The sadness comes, I disengage:
Or days may fly where I don’t sleep —
There is no reason, rhyme, or rage
That can my wholeness sane me keep —

I do not understand, or see
The unknown etiology
Of why my moods just must be so
And go where’re the winds

May blow

Approximately thirty-five years ago, I was told by a series of doctors that I was manic-depressive, a condition now known under the term “bipolar disorder”.

This renaming followed the usual rule that any new term for a medical condition must have at least one more syllable than the old one.

As one may ascertain from the two terms for this condition, those who have it tend to vacillate between “two poles”: mania and depression. The latter condition is familiar to almost everybody, at least by name: the former, less so, as being wildly out of control and energetic is not always viewed as a problem.

When it reaches the level of mania, it is. Believe me, it is.

I’ve been dealing with this condition for the better part of four decades now. Like dealing with my epilepsy, it is part of my daily routine. It’s not a big deal in my thoughts anymore, unless I have had a “bad day”.

Like yesterday.

In a typical day, I need to (a) stay away from any kind of mood-altering substances (notably alcohol or sugar); (b) make sure I get some elevated-heart-rate exercise; (c) take my medicine in the prescribed amounts at the appropriate times; and (d) get adequate sleep.

Yesterday was my third consecutive day where I didn’t do (b), but did do (a), and decidedly non-wacky hijinks ensued.

I turned into a horrible person, basically.

On my best days, my life is severely limited in terms of my flexibility and ability to socialize because I am trying to make sure I do the things I need to do to be a reasonably pleasant and functioning human. When that fails, I am reminded again what happens. Because I don’t feel sick when it’s happening, I just feel like I’m a monster.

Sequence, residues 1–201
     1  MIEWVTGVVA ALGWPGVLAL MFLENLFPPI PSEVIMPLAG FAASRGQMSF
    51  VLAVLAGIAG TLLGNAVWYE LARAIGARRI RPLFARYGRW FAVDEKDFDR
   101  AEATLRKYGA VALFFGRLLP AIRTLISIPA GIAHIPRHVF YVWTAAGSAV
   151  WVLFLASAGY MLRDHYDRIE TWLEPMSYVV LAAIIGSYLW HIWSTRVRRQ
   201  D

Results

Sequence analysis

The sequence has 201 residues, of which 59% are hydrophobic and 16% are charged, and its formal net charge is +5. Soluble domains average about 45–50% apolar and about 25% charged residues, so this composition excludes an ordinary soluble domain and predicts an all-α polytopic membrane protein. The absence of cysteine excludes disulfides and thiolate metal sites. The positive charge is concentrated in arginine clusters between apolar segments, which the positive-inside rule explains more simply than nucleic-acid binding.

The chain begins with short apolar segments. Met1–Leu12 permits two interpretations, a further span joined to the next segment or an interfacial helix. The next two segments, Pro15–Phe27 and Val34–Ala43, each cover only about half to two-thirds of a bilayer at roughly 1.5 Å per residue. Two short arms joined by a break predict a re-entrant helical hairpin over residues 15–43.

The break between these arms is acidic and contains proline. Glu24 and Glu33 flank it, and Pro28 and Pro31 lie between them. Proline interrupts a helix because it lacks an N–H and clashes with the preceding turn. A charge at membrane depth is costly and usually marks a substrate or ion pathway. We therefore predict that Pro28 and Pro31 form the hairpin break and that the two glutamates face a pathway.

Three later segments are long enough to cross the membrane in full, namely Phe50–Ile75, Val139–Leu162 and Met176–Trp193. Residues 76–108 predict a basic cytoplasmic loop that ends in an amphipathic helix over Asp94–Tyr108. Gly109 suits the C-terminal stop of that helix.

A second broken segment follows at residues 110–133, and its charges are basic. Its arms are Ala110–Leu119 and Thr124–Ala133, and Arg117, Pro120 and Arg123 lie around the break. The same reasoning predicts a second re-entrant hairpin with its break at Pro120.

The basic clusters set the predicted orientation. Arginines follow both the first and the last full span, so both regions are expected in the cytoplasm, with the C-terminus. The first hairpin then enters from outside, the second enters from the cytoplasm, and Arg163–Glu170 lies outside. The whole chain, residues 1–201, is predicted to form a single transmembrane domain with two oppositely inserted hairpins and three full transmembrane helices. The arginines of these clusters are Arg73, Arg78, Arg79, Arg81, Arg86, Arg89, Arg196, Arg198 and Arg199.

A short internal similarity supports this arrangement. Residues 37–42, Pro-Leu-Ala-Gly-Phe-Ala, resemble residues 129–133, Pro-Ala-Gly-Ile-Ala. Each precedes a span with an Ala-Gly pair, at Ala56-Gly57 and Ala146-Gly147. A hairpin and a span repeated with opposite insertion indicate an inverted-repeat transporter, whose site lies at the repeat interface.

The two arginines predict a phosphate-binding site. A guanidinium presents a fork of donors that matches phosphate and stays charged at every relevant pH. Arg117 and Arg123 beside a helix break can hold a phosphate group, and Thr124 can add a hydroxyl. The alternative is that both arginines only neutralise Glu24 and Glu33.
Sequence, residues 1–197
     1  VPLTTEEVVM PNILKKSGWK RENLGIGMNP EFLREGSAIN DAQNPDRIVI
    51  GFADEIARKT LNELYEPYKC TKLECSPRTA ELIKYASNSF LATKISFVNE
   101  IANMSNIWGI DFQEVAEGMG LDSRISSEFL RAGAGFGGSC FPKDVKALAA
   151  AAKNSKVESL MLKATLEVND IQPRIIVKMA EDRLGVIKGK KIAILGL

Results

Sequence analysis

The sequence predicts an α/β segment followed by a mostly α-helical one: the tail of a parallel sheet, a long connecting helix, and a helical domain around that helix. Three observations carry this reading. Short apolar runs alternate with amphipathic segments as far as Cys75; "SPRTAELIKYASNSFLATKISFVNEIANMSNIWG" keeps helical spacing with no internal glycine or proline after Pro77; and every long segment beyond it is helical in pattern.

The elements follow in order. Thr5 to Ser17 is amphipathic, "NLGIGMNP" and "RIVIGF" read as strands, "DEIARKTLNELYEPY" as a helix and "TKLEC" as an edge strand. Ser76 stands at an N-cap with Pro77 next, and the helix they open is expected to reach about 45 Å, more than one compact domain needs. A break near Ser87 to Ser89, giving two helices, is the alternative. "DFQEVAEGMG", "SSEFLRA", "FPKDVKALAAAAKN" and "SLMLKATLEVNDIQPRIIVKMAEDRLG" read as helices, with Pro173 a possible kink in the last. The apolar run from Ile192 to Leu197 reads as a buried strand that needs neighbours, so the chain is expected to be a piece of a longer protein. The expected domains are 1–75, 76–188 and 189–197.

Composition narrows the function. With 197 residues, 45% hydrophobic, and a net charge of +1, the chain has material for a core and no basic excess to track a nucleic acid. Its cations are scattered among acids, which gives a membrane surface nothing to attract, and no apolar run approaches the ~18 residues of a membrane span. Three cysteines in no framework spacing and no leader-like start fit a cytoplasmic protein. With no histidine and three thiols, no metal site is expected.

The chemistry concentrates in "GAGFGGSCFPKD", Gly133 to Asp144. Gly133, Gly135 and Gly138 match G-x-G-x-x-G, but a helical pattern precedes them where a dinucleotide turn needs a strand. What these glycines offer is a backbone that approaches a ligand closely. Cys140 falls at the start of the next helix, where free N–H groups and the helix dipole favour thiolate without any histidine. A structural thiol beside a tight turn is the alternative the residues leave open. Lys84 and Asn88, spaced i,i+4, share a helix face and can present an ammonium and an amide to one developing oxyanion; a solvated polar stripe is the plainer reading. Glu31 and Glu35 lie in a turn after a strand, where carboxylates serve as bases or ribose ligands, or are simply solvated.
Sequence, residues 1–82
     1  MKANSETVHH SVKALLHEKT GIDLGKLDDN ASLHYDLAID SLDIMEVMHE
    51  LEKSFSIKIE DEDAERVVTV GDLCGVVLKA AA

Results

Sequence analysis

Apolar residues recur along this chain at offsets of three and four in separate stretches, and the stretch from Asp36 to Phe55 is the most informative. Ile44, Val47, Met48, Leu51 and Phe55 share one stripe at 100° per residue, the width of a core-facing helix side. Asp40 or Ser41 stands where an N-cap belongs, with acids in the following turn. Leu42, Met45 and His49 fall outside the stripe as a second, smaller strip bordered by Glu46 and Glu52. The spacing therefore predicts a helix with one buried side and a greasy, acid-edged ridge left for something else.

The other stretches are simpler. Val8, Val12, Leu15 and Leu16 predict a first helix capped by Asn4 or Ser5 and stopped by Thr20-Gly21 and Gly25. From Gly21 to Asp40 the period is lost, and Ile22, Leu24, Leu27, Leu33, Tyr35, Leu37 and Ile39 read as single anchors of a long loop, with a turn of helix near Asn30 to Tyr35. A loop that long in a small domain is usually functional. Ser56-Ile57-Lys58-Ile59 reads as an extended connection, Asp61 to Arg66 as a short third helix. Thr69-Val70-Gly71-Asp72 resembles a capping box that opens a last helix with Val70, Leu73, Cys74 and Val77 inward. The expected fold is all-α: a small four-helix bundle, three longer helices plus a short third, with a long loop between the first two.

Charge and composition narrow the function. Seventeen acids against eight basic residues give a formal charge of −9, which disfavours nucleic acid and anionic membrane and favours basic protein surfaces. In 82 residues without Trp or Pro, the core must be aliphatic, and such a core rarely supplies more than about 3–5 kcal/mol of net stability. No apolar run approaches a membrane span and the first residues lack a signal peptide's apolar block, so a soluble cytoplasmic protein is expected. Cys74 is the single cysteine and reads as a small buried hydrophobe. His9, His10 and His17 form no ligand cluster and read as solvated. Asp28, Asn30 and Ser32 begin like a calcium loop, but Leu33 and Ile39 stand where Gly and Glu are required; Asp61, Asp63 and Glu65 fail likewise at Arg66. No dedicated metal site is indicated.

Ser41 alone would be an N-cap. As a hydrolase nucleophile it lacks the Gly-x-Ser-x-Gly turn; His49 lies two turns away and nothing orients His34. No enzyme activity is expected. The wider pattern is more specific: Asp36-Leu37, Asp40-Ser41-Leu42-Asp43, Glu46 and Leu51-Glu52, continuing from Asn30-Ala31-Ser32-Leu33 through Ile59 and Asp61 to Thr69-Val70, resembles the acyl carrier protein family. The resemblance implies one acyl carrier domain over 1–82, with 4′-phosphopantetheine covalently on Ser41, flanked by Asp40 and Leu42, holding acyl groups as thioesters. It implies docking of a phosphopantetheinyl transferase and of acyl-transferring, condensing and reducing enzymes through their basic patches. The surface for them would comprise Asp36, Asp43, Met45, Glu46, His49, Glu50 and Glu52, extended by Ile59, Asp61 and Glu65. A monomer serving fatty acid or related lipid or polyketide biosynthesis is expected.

Because mental illnesses are diseases, just like other illnesses, we are told we should feel no shame over them. However, my experience is that people who have physical illnesses also struggle with feeling “less-than”: I know, I have one.

When I asked my doctors, back in the day, what caused this condition, I got various answers: however, their answers can be grouped into three general categories, as follows:

1) My genes suck.
2) My brain structure sucks.
3) I have some other equally sucky condition that causes this as a side-effect.

No matter which of these causes is THE cause in my case, I feel just as bad after knowing it, or possibly worse. Because none of them is of the “oh, this was caused by a bacteria or virus” so I can blame black rats migrating across European trade routes or something.

Nope, no one to blame, just defective old me and my broken brain and/or genes.

One thing that has helped, however, is realizing that problems of the sort I have are in the nature of a continuum; everybody has challenges along the way when it comes to issues of physical, mental, and emotional health.

Many — perhaps even most — people hide these challenges, however. Or never come to grips what the nature of what their particular challenges are.

Every one of us is born with different tools, in a different place, at a different time. Each one of us is faced with different limitations; we all each have different abilities, and differing experiences to draw upon. And we’re all just doing the best we can, given where are and what we have to work with.

And I’m just trying not to be a monster.

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One thought to “Etiology”

  1. Sorry to hear this Owen. My daughter also lives with epilepsy and manic depression so I really do appreciate how difficult it can be, and how misunderstood.

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